13 March, 2015

Why open source works

Trying to explain why open source works, you can of course point to the Cathedral and the Bazaar by Erik. But the kernel development process shows it happening 'in real time', every day, and that's a major reason why I so enjoy reading the weekly LWN.

Competition FTW

A recent article explained how two patch sets are developed, impacting the Huge TLB feature. One is about improving reference counting in the handling of huge pages to allow a huge page to be mapped in both 'huge page mode' and in 'normal page mode' by different processes. This is a first step towards being able to use transparent huge pages with the page cache, giving it access to the performance benefits of huge pages. This has been in the works for a while as it is a very complex change. But an alternative has recently surfaced, adding transparent huge page support to the tmpfs filesystem. This also has pieces needed to support huge pages in the page cache, but in a very different way.

Why on earth would you want developers to spend so much time on two competing solutions for a problem? Isn't there One to Rule Them All?

Finding that perfect solution

I am sure that there is a Perfect Solution. I would simply suggest that nobody knows it! Like in economics, where an equilibrium exists but no single person can define it, software development has become complicated enough that competition of ideas often leads to the best (or at least better) solutions.

Companies, building their own cathedral in-house, would put product managers and developers in a room. Let them come up with the Perfect Solution. But they won't, because of Joy's law:
"No matter who you are, most of the smartest people work for someone else"

Impressive results

This is the key to why open source works and works so well. No single development project in the world even approaches the size of the Linux kernel project - no less than 1400 people contributed in under six weeks. With millions of lines of code developed by tens of thousands of people over 20 years time and with an extremist attitude towards backwards compatibility, you wouldn't expect the trend to be "go faster". It is.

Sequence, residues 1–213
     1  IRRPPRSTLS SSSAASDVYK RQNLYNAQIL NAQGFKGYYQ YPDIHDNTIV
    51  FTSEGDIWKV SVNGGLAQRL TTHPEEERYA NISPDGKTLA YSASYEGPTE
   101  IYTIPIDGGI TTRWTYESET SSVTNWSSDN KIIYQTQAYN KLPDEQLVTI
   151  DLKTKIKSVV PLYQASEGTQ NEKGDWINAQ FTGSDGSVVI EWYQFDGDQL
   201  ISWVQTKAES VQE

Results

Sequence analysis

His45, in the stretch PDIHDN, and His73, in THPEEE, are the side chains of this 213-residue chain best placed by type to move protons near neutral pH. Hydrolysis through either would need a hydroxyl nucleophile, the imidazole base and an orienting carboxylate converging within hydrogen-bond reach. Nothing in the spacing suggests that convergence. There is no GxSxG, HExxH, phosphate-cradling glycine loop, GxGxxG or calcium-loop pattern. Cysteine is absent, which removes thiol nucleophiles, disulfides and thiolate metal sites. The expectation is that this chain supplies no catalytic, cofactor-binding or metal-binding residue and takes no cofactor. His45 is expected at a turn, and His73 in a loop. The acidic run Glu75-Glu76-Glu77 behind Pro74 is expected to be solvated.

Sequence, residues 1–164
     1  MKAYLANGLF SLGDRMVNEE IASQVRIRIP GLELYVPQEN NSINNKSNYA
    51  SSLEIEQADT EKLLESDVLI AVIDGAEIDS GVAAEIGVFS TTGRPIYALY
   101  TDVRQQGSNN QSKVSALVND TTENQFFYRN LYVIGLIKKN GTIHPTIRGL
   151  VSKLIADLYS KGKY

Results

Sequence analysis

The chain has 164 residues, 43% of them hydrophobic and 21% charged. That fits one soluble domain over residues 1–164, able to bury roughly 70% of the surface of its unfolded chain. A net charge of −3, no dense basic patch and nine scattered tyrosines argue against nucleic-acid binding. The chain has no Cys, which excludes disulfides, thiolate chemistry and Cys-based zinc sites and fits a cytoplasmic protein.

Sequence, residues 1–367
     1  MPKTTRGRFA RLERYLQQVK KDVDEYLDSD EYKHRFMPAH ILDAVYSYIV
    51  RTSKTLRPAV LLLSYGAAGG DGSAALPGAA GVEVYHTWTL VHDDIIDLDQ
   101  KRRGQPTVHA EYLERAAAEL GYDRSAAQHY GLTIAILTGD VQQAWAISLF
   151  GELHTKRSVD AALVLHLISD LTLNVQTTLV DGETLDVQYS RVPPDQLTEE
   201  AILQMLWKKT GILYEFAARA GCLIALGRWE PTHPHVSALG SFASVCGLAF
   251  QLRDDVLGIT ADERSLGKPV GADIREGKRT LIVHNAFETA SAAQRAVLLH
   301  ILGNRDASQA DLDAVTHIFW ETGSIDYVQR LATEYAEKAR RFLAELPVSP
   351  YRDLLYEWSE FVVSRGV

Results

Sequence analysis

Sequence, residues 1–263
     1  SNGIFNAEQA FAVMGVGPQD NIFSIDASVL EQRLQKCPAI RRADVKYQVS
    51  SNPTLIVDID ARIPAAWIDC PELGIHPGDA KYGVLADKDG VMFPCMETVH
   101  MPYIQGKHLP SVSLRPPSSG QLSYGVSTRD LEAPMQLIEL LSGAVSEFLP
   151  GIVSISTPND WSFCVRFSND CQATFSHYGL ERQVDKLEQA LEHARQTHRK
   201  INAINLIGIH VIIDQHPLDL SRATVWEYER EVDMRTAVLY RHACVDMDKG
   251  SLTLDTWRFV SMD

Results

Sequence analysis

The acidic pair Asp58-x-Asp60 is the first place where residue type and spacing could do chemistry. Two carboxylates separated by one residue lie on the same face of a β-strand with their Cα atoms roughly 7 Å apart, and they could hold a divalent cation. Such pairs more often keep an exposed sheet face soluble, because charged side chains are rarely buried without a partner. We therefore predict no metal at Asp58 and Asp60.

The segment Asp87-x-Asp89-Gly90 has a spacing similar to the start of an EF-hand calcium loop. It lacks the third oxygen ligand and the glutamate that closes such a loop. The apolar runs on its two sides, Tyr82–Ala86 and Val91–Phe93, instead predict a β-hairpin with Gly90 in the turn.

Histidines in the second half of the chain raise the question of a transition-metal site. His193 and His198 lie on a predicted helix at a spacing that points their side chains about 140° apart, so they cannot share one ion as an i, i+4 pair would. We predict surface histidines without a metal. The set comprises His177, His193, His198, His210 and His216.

Bringing over almost 12,000 different people from 1,200 different companies together in the last decade, the kernel competes with Wikipedia for the title of humanity's largest collaborative effort. Oh, and I'm sure the masses building the pyramids were big, too, they just didn't integrate the experience of all their collaborators into its architecture as well as the kernel and Wikipedia do ;-)

Cookie licking

Many other projects struggle to learn from the kernel's success. Success which has many aspects, one of which exemplified here, a rule Frank sometimes talks about: no cookie licking!

In short, cookie liking is preventing others from working on something by claiming you are (but not really making progress). Extending it a bit, I would say that, while collaboration is good, if you feel you can do better -- or just want to sample a different approach:
"never be deterred to build an alternative solution to a problem"
Because it's space for competition within projects that makes open source work better.

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